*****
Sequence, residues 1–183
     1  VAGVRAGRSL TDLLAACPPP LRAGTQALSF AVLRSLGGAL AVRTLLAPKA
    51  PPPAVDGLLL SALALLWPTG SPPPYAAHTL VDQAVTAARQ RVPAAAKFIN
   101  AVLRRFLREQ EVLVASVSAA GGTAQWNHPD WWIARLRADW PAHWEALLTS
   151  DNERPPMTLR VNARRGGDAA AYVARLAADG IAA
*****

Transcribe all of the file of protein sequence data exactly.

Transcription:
Sequence, residues 1–183
     1  VAGVRAGRSL TDLLAACPPP LRAGTQALSF AVLRSLGGAL AVRTLLAPKA
    51  PPPAVDGLLL SALALLWPTG SPPPYAAHTL VDQAVTAARQ RVPAAAKFIN
   101  AVLRRFLREQ EVLVASVSAA GGTAQWNHPD WWIARLRADW PAHWEALLTS
   151  DNERPPMTLR VNARRGGDAA AYVARLAADG IAA